Fidelity as Synthesis: Colloquy 0 Thi s Article is brought to you for free and open access by FLASH: The F ordham Law Archive of Scholarship and History. It has been accepted for inclusion in Fordham Law Review by an authorized editor of FLASH: The F ordham Law Archive of Scholarship and History. For more information , please contact Recommended Citation Fidelity as Synthesis: Colloquy, 65 Fordham L. Rev. 1581 (1997). Available at: http://ir.lawnet.fordham.edu/flr/vol65/iss4/19 - Article 19 PROFESSOR ACKERMAN: You will be happy to learn that I am not going to try to respond to all these points. Let me begin with the banal thought that liberal democratic philosophy is universalist-notoriously weak on justification of the nation state. This leads to the question: Who are "we the people of the United States"? My proposal, and I certainly am not a constitutional revolutionary, is one that was described by Mark Tushnet very well in the first half of his remarks. That is, we are constituted in significant, if diminishing part, by our constitutional narrative, and this is a very distinctive feature of American identity. I mean, the idea that the German people or the French people are constituted by their constitutional narratives would be rejected out of hand. They are constituted instead by their language and culture-but not their legal history. It is true that the centrality of constitutionalism to the national identity of Americans is diminishing. Americans are increasingly constituted by their popular music, by their casual dress, by their manner of speaking of the English language-this is a European kind of nationhood-and diminishingly by their commitment to the narrative project of constitutionalism. But nonetheless, it remains important. The thing that connects me up to the folks in the Barrio in Los Angeles is this Constitution-this backward-looking set of stories we tell ourselves about our Americanness, not the fact that they speak Spanish and I speak English, or that I wear three piece suits and they don't, that kind of thing. It is too neat, to be sure, but nonetheless for these purposes the following will serve: the backward-looking effort to tell us who we are is conceptually antecedent to the problem of governing ourselves. We have to figure out who we are as a people before we can govern ourselves, and my idea is that the fateful history of how Americans have gone about struggling over our constitutional identity constitutes us importantly as a people. I am glad that you got my message about midgets. This implicates, among other things, the authority of scholars. Is there an authority of scholars, and what is it? My answer is that I've spent a number of years actually reflecting upon American history-I am a patriot, you see, trying to repay my debts to the American people by a labor of scholarship-and I have been looking at all these yellow pages, and I want to bring this to your attention: there is nobody like Abraham Lincoln around. Nelson Mandela, perhaps he is like Abraham Lincoln? But no Americans. We've had moments, periods of time, when there were such constitutive figures of authority amongst us. But not now. Some of my friends are Republicans, and for them Ronald Reagan-he is a joke for me-is such a figure. But he didn't make it. He could have made it, but he didn't make it. How do we know he didn't? Because he couldn't carry his message through Congress and the courts. The American people didn't give him the necessary sustained support for a successful constitutional revolution. Now, this goes to Michelman's fascinating and fundamental point about agency. He is right. A satisfactory theory must have at least two different dimensions: one, the backward-looking question of identity, who are we as a people; and then, the agency problem, how are we going to debate and define our future destiny? During much of our history, the principal agent of constitutional redefinition has been the political party. But the last time a political party was a successful agent of constitutional transformation was the New Deal. More recently, a great deal of our transformative energy has been through movements that have detached themselves from party-movements like the NAACP. Consider Kitty MacKinnon. She is a wonderful representative of a movement which has not become a political party. In contrast, the new Gingrich Republican party has become the first party of political agency since the New Deal. This is a very important point-and I will be writing more about its implications soon. On the problem of reluctant judgment, I certainly agree with Larry [Sager] that the Ackerman-Lessig combo is a combo. I am talking about changes in the foreground, as it were, of constitutionalism; that is, from time to time the American people actually say: "Listen up you folks in Washington, we want to change things in an important way." Americans are always trying to say this, but they only sometimes succeed in organizing themselves with authority. And Professor Lessig is trying to talk about the fact, and I think it is a fact, that the background of constitutional interpretations changes, often in subtle and slow-moving ways. A valid act of constitutional interpretation must take both kinds of change into account. Another question is, whether the reluctant judgment model is compatible with the abstract character of the constitutional enterprise. I think that's a great question, and I will have to think about it more. Larry, I read your article' several times, I should assure you. But I have to think more about it. Tining to Mark Thshnet, I must say that the news that you would be my commentator struck terror in my heart-I am so glad that, for some reason you are in a charitable mood. Thanks a lot for a miracle. No less remarkable is that 'Tshnet suddenly sounds like a partisan of the Whig interpretation of history-where the American Telos is established definitively by the Declaration of Independence, and the rest of American history is a story of progress-with fits and starts, of 1. See Lawrence G. Sager, The IncorrigibleConstitution, 65 N.Y.U. L. Rev. 893 (1990). course-over time. We don't want to be too apologetic, and not too triumphant, but we are getting there, Mark suggests. This feeds into the notion that the judges are in partnership with the people in the pursuit of justice. I want to make it clear, in contrast, that I believe that American society is profoundly unjust. The Constitution has been a compromise with injustice from the beginning to the end. This does raise indeed a legitimacy question: why am I spending my time on our Constitution, if it is implicated in deep injustice? I am not going to answer that question right now. But Mark's idea is so Panglossian, so Whiggish. That the Declaration of Independence set our ground plan and we are getting there-well, I just don't think that is true. I mean, if we compare America to Europe, Europe is more just, however unjust it is, than America. The thing that America has is this tradition of self government and this tradition of constitutional identity. That's what we have. And that's what I have been focusing on. And this goes to Professor's Fleming's question-Why don't I just sign up as a recruit in Ronald Dworkin's army?-a question that I have asked myself any number of times since I was a student of Ronald Dworkin's many years ago. Jim, if you want to make me a recruit, I am happy to serve your purposes as best I can. But there is a disagreement between us nonetheless. My basic thought is that the nerve of America is self government by people who really do disagree a lot about justice, and this disagreement has unfortunately led to the toleration of a lot of injustice. We can never forget that the Declaration of Independence was written by a slaveholder. And profound injustice did not come to an end with the Thirteenth Amendment or the New Deal or the Civil Rights revolution. Constitutionalism of Ronald Dworkin's kind, or Owen Fiss's, or Jed Rubenfeld's, should be associated with a hegemonic constitutional regime, a regime whose principal participants are very self confident. A kind of constitutionalism like mine is, I think, more appropriate during more uncertain times, like today. In 1997, we recognize that the constitutional regime of the last sixty years, or the last thirty years, might not last forever. This recognition, in turn, leads to my central preoccupation: under what conditions is a change of constitutional regime legitimate? PROFESSOR FLAHERTY: First, anyone from the panel want to respond? If not, let's ask anyone out here. QUESTION FROM PROFESSOR GREENE: I just want to press Larry Sager's question a little more. You said you read his article and you wanted to think more of it. The big payoff in your response to him, in the end, is self government. That is, I guess, a descriptive claim. But you know Ronald Dworkin has this nice section in his Introduction [to Freedom'sLaw] about how this accountability democracy, which I call it, is the wrong way to think about democracy, that self government, in this sense, is impoverished. We have to think of preconditions of equality and liberty, etc. So, Bruce, what is your theoretical normative defense of deference to self government and, therefore, having constraints on judgment, rather than allowing yourself to move in Larry's or Frank's [Michelman] direction in terms of a broader interpretive power of the courts? PROFESSOR ACKERMAN: I don't think my theory is impoverished. I think the sustained effort at a confrontation with 200 years of American experience is anything but impoverished. But it doesn't lead to very happy conclusions. Now, when we talk about philosophical models of democracy, we can talk a lot about ideals. Any robust philosophically-developed conception of ideal democracy, however, would lead a clear-minded observer to the conclusion that there has never been a truly legitimate democracy in the world. It has only been since 1965 that black people in the United States could vote. In our democracy right now, probably thirty-five percent of the population can't read well enough to make informed political judgments. Is this a legitimate democracy? This Whiggish idea-we are almost a well-ordered democracy, we are in collaboration with the People, we are almost there-it seems to me so banal, such an obvious form of wish-fulfillment. The truth is that this government does not fulfill the minimal conditions presupposed by Habermas or Dworkin-or, for that matter, the conditions I lay down in Social Justice in the Liberal State. Does that mean that we should not continue the constitutional project? Well, I think that's a serious question. My tentative answer is that the constitutional tradition, defective though it is, nevertheless provides the best chance of pursuing justice when compared to the dismal alternatives. But don't suppose that the American project has already fulfilled some minimal conditions of genuine democratic legitimacy. PROFESSOR SAGER: I just want to jump in very quickly. There have been several occasions that Bruce has spoken as though he read what I described as collaboration as in some way dependent on or inclusive of, the proposition that we are almost at a point of ideal justice. Like him, I strongly disavow that. The strongest claim that I want to make about justice-seeking constitutional practices is that they are reasonably good practices compared to other forms of governance that have been devised in the ancient and modern world to bringing us closer to justice than we would be if we had some other set of mechanisms. I don't think that they are infallible, and I don't think that we are anywhere near a state of perfect justice. The claims about the purpose of the Constitution, and the collaborative model that I pressed, don't, I think, depend on those propositions. PROFESSOR ACKERMAN: We'll have to talk about that over dinner. PROFESSOR MICHELMAN: Somebody says there must be something that constitutes the present generation of Americans as a political community, as a people, from the standpoint of democracy. Sure. That something has a historical reference. That something is composed in part of a tradition, a narrative, or a set of recollections. I don't have any problem with that. That something is a recollection or a tradition or a narrative of a commitment to an interpretation of the principles of the Declaration. I wouldn't have a problem with that. Or of the principles of which the 1780s Constitution and its subsequent emendations are a series of imperfect tokens or representations. That seems okay to me. The question for me is-if what constitutes us as a people is a continuous practice of a commitment to contested interpretation of the principles of the Declaration of Independence-what, if anything, issues from that observation as a conclusion about the relationship between a present generation's obligation, from the standpoint of democracy, to find and hammer out its own interpretation, and its obligation to acceptance of a prior generation's interpretation. It seems to me that one could say that what constitutes us as a people, from the standpoint of democracy, is the tradition of each generation's assuming interpretative responsibility for itself. So, it is the intimation of an obligation to acceptance of the earlier generation's interpretation that is sticking in my craw. PROFESSOR ACKERMAN: But who are we? We are scholars living at a time of political midgets-a generation which, if it had any historical perspective on itself, would know that they have not yet achieved a construction of authority that is analogizable to past successful constitutional solutions. The last time we actually achieved a success was with Martin Luther King. It is no accident that we have had one civic holiday in America in the last generation, and that we could not construct a civic holiday, a credible civic holiday, today. So, in talking about our responsibilities as constitutional interpreters we should be aware of our place in time-indeed, this awareness marks the authority of the constitutional scholar. If, in contrast, we imagine that we have the authority of Franklin Roosevelt to radically revolutionize the dominant narrative, we are simply fooling ourselves.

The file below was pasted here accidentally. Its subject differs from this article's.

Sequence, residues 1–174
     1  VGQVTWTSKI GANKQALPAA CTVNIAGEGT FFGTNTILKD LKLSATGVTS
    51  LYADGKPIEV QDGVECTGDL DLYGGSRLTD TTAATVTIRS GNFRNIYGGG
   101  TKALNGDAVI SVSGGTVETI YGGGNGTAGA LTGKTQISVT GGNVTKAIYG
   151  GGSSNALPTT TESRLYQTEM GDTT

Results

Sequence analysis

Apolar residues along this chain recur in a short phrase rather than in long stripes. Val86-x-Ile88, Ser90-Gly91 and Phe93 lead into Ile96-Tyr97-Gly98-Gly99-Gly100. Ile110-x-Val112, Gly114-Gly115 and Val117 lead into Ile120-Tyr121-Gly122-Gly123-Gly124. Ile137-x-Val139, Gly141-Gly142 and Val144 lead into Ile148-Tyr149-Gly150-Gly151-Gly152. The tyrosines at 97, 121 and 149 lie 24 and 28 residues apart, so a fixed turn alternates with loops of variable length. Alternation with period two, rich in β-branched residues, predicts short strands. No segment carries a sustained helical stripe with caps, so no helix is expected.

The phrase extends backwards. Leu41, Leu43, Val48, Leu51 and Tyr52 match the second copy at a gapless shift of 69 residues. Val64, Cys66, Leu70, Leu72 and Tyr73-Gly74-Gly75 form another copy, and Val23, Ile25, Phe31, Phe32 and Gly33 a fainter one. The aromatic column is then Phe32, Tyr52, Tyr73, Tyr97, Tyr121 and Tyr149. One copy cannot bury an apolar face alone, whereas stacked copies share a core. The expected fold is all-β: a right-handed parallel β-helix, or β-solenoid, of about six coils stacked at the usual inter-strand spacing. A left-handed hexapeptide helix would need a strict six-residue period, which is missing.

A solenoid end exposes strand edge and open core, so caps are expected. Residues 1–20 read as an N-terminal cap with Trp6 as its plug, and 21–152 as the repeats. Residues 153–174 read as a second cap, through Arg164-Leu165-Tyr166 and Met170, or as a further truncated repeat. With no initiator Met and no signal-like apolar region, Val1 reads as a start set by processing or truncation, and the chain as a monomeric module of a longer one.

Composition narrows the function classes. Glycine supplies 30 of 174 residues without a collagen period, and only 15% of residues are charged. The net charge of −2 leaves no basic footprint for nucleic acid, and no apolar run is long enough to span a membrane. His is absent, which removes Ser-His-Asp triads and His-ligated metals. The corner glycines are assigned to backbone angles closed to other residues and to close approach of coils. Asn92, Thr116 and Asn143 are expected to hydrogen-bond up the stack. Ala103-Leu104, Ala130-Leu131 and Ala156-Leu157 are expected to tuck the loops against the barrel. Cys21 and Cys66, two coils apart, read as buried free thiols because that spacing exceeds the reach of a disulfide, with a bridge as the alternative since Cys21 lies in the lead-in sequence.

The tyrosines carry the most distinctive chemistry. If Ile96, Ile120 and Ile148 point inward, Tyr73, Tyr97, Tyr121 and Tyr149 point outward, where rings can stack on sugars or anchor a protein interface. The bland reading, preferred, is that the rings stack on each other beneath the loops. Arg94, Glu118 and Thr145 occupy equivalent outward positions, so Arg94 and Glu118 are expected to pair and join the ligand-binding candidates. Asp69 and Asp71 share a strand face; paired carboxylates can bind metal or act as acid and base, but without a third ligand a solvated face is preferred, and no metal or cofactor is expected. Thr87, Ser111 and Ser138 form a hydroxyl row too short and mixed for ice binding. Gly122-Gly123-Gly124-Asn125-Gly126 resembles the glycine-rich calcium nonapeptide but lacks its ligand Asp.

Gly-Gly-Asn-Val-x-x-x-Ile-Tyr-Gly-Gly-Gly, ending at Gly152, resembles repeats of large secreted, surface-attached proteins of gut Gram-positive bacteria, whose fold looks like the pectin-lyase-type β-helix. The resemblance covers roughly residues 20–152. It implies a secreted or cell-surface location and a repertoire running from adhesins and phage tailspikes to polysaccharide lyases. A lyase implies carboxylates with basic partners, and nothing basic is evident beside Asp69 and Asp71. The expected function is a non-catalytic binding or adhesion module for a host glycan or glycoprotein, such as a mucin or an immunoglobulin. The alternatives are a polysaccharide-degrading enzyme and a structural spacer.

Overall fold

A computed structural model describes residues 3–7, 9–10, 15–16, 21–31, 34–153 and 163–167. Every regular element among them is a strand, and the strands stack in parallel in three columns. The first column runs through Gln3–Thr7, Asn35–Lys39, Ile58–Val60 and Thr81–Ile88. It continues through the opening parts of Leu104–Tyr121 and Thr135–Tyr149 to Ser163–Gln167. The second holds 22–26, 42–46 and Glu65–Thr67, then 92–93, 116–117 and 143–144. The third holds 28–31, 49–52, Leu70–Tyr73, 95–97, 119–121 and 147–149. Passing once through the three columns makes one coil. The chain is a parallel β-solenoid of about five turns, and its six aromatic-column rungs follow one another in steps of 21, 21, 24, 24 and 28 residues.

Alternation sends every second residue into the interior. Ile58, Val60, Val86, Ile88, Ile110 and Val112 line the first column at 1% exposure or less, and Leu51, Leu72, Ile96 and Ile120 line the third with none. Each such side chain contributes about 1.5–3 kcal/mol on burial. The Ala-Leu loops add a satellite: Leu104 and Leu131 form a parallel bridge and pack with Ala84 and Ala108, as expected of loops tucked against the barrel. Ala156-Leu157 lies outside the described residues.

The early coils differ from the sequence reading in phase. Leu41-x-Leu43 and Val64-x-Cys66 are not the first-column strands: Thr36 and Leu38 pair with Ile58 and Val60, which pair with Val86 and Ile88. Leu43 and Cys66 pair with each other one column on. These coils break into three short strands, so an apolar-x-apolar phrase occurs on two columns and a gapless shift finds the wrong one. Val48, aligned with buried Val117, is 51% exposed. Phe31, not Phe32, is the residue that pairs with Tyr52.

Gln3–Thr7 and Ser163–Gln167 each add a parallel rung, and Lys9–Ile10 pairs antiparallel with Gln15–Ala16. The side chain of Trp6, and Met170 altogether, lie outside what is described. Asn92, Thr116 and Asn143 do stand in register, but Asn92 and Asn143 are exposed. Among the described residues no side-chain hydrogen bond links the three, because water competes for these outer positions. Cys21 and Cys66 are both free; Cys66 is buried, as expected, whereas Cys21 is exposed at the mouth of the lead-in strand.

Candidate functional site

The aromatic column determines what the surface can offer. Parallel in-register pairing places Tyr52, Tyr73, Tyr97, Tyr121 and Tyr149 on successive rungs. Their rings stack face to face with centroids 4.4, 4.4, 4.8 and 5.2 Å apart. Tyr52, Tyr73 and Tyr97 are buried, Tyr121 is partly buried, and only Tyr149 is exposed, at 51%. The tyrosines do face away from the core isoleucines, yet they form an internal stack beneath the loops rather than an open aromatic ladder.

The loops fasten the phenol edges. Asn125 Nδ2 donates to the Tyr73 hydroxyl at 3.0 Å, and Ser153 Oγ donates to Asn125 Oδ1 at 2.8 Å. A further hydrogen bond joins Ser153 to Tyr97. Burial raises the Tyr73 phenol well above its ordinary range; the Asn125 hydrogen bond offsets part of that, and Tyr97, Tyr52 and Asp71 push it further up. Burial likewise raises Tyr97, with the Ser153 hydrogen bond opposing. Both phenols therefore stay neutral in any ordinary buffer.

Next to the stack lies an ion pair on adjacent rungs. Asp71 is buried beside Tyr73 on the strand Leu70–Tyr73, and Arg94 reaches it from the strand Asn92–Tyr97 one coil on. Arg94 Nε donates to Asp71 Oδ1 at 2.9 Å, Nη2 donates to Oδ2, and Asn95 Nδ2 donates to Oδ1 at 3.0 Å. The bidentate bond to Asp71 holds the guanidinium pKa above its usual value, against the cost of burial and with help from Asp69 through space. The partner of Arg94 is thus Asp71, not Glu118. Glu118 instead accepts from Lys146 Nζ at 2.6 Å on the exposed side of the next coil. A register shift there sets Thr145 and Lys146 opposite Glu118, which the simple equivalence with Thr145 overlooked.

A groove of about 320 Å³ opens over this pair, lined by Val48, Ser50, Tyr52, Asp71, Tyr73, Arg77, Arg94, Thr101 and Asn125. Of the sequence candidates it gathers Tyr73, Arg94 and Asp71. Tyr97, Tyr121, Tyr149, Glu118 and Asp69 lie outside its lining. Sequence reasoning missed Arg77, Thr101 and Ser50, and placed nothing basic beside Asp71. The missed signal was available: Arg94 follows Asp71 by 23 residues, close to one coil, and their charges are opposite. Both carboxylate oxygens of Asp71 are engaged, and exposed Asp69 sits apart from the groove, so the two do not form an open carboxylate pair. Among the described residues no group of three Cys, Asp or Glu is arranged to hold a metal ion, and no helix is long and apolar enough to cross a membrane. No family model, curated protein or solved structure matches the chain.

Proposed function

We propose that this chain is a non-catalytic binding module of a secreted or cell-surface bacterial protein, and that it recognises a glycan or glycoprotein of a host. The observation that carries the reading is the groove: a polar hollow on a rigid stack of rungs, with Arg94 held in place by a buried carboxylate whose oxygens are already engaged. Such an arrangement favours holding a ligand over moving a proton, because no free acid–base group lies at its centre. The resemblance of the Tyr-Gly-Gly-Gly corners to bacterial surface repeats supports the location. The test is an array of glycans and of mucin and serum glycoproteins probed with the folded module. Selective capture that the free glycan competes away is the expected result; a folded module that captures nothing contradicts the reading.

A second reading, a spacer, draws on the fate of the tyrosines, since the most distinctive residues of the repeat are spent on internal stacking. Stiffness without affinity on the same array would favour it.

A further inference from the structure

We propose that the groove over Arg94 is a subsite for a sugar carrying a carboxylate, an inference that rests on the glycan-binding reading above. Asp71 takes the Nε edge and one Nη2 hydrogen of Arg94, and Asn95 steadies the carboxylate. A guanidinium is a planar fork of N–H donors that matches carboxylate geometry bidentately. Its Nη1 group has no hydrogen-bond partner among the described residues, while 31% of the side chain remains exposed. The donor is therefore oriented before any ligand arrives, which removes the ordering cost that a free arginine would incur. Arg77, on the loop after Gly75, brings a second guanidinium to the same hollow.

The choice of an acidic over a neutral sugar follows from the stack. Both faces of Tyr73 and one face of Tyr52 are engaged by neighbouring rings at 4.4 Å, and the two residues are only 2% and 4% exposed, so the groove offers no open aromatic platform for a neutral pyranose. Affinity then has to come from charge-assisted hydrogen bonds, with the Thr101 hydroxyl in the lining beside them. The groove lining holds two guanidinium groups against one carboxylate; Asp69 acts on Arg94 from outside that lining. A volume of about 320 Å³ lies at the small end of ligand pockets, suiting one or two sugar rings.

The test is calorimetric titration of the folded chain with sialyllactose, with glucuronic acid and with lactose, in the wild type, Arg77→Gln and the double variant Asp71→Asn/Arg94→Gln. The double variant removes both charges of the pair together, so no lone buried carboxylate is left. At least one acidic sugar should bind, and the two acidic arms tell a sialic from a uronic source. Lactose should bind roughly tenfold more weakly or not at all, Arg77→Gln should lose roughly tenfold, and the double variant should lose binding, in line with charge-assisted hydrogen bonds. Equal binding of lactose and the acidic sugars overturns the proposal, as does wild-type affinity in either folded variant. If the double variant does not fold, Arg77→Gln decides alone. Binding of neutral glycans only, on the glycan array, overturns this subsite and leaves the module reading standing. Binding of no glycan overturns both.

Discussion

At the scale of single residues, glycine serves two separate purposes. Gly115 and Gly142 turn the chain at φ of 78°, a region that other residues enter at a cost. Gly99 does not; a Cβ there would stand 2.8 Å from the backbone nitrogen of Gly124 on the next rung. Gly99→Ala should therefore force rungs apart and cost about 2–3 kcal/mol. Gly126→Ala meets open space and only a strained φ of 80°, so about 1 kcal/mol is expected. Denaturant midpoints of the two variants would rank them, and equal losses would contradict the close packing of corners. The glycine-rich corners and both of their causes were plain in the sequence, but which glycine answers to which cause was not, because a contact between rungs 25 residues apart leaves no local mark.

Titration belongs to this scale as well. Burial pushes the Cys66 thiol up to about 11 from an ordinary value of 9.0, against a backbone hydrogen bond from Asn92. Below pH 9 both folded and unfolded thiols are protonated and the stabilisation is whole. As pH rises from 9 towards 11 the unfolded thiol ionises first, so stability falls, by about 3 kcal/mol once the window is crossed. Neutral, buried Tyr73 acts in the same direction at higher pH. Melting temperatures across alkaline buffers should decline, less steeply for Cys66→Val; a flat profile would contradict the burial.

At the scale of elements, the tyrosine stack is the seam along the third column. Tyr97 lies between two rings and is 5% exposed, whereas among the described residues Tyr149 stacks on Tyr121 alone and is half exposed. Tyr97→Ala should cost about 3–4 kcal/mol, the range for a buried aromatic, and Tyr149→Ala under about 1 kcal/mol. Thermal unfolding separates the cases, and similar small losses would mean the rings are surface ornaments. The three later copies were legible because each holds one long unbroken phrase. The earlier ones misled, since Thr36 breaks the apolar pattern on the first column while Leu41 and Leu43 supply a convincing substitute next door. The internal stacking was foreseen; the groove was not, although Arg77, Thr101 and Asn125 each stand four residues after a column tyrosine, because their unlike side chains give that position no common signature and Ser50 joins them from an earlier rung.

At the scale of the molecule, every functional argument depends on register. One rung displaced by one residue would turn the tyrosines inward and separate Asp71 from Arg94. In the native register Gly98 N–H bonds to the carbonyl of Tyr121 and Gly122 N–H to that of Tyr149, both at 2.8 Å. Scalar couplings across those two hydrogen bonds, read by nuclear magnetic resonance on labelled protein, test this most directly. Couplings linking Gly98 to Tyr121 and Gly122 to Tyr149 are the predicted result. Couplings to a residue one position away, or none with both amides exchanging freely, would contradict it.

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Fidelity as Synthesis: Colloquy, Fordham Law Review, 1997,